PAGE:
Commentary: Is infamous bite hurting the integrity of the World Cup?

By Michelle Ludtka

But we start by putting our spotlight on the World Cup and how every four years, this sport is front and center on the world stage. It’s a time to grow the game, make new fans and inspire kids to give it a try. But this year, futbol might leave a bad taste in your mouth.
During the final match of Group ‘G’ play Luis Suarez of Uruguay bit an Italian defender, yet wasn’t penalized during the game. Play would carry on, Uruguay getting a one-nil win to advance to the round of 16.    
When asked about it after the match, Suarez denied any wrong doing, saying quote “those things happen on the pitch. I just collided with his shoulder, they are just casual incidents that happen during a soccer game
Just a casual incident that happens during a soccer match? If that’s the case, then how come FIFA handed down a ban on the 27-year-old from Uruguay’s next nine international matches and four months of any soccer related activities, along with a $112,000 fine? 
Which I should note, is the heaviest sanction the governing body has ever given out during a World Cup.     
In fact, the closest thing to this happened in the 1994 tournament. That’s 20 years ago, when Italy’s Mauro Tassotti was banned for eight matches for breaking Spain’s Luis Enrique’s nose.
 
In the case of Luis Suarez, this is his third biting incident in his professional career. The striker, who is nicknamed the Cannibal, was suspended in 2010 and 2013 for biting players as well.   
According to the Wall Street Journal, a Norwegian betting site, even took money prior to the World Cup with 175-1 odds that Suarez would bite again.       
For those interested, more than 150 people won money thanks to the incident, the highest payout, over  $27,000.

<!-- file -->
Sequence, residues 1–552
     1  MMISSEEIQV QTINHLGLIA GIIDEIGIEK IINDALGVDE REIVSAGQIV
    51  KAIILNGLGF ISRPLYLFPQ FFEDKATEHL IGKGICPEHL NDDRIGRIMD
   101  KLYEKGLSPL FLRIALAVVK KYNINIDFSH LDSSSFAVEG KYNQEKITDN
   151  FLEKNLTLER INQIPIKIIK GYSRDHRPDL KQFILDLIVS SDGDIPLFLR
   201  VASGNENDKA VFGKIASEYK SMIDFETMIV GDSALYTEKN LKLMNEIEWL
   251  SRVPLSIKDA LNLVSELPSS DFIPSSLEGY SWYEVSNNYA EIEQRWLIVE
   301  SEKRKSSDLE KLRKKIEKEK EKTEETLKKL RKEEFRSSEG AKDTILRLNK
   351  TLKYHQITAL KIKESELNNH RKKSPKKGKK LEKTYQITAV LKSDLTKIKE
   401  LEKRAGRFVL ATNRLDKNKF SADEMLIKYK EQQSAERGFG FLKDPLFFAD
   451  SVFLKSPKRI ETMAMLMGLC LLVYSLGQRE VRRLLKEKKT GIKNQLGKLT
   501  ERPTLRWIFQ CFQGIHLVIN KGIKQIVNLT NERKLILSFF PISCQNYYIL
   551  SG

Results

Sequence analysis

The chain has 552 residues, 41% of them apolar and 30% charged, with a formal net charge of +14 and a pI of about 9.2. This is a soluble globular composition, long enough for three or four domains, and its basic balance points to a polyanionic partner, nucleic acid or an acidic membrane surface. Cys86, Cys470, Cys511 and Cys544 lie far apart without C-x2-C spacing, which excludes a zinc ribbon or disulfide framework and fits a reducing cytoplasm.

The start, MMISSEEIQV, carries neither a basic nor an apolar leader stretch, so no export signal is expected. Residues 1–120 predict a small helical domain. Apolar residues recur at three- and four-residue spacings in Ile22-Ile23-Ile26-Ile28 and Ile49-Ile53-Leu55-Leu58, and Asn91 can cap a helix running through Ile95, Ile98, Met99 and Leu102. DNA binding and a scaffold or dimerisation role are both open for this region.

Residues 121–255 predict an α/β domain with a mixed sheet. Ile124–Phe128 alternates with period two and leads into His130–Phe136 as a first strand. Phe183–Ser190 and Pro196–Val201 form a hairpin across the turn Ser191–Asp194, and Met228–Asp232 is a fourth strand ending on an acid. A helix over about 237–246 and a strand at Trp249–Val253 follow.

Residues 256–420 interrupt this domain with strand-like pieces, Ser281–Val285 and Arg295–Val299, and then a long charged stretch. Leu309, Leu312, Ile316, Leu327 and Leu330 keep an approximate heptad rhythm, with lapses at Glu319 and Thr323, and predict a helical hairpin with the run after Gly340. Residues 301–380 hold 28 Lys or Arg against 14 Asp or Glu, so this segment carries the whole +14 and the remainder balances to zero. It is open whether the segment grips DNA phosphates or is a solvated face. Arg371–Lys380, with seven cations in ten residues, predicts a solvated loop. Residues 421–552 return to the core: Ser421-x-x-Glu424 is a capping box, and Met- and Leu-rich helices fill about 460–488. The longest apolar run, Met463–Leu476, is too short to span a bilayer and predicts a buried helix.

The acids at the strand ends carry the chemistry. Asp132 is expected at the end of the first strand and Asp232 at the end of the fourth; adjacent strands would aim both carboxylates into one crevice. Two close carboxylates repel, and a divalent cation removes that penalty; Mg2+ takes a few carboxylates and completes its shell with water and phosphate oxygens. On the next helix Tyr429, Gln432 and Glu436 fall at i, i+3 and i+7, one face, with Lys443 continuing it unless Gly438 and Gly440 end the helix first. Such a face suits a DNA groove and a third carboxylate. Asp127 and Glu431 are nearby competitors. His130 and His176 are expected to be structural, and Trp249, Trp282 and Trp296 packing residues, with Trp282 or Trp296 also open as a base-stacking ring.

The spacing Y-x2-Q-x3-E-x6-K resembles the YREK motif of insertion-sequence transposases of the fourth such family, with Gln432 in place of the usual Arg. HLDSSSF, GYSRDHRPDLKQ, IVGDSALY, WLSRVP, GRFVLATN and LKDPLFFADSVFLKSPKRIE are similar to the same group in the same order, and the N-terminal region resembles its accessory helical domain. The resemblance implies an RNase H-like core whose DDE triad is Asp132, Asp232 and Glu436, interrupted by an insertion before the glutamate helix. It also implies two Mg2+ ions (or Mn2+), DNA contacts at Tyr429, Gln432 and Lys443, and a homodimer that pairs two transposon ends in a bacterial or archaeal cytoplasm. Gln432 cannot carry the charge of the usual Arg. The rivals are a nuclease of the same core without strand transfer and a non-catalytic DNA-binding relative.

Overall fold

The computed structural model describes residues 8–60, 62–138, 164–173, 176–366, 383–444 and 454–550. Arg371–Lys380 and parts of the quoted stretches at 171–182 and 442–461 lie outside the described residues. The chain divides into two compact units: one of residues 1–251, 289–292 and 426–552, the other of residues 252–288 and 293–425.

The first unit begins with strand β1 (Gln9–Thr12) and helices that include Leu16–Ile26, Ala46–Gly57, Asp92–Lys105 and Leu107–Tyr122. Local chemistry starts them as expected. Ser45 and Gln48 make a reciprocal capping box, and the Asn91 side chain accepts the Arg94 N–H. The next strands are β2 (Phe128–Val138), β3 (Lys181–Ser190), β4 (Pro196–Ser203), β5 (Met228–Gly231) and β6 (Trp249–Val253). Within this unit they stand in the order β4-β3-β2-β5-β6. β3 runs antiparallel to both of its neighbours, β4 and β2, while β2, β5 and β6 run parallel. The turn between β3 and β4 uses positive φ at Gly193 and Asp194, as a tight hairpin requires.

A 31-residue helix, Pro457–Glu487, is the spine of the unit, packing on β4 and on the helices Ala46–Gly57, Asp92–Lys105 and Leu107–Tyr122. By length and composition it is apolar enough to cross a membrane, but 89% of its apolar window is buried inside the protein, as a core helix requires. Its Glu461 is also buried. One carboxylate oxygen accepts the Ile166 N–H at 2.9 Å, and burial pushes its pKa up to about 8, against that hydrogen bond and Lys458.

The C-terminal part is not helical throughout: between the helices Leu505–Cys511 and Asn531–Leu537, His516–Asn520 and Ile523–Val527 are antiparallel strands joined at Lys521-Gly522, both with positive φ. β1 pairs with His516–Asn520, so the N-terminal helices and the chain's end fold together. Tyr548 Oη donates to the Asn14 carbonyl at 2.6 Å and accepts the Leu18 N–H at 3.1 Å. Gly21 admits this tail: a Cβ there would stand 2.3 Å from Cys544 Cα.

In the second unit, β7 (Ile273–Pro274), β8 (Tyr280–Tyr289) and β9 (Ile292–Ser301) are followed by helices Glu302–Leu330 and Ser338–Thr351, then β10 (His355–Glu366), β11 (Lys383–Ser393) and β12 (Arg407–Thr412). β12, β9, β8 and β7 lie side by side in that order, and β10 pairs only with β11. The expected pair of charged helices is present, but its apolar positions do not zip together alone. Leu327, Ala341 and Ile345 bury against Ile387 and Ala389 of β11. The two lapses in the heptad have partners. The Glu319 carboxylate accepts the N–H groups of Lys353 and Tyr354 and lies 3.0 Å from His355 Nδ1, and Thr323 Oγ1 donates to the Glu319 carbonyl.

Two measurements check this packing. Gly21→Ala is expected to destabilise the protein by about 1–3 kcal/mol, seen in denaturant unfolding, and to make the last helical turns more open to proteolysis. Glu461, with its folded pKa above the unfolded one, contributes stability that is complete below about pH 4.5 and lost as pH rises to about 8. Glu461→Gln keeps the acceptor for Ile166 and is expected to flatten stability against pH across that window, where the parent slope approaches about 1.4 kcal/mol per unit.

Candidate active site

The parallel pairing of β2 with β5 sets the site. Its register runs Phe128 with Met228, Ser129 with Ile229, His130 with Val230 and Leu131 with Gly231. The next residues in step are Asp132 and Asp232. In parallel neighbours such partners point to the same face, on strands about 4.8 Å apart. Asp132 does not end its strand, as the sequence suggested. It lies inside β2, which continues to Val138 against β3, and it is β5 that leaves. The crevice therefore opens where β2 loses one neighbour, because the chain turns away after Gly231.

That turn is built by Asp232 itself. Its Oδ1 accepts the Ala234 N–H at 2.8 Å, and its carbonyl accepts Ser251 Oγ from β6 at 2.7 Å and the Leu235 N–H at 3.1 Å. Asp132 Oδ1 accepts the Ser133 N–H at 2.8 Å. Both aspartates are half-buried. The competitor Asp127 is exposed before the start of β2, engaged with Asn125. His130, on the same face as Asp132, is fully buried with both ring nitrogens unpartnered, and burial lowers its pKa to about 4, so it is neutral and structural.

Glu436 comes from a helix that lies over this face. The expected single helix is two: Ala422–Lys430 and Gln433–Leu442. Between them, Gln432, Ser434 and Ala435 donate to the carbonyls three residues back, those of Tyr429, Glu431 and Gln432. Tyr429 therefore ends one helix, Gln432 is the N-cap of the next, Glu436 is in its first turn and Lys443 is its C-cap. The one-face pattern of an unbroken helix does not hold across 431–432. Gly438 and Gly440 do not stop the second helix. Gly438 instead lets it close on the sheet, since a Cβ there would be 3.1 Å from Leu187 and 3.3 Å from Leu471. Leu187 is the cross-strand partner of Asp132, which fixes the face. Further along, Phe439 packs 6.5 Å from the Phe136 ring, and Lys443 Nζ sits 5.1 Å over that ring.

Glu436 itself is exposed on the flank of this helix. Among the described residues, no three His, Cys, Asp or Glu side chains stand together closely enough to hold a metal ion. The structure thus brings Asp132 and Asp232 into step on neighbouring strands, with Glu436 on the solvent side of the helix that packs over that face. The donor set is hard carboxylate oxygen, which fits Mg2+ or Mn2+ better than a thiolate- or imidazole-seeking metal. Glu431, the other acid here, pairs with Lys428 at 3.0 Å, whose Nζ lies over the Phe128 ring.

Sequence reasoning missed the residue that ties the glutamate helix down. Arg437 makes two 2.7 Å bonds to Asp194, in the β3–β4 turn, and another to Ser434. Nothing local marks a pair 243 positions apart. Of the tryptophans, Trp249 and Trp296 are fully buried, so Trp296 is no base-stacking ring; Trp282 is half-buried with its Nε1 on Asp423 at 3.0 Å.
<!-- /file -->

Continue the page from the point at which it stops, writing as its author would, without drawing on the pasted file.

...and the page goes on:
But as Suarez becomes an internet sensation popping up in every form that could possibly mock the situation, the question arises, has the biting hurt the integrity of the game?
Record numbers of people are watching, tweeting and talking about the World Cup this summer. Viewing parties are standing room only and more and more Americans are turning their attention to a game that’s historically lacked in this country
Luis Suarez’s ban started immediately and his team was without him as they face Columbia in the round of 16. The Colombians proved to be too much, ending Uruguay’s World Cup with a 2-nil defeat.  
After the loss, Uruguay’s Captain Diego Lugano described Suarez’s ban as an act of barbarity that breaches the player’s human rights, saying quote “He has committed a crime, but his ban barbarity. Not even a criminal would receive this penalty.”
I’m not sure about that one, but if people overlook the United State beating the group of death, Messi proving he can play in the World Cup and the number of underdog teams taking out the European Power houses and make the biggest story line to come out of this year’s tournament the Suarez bite, in my opinion that would be barbarity.  

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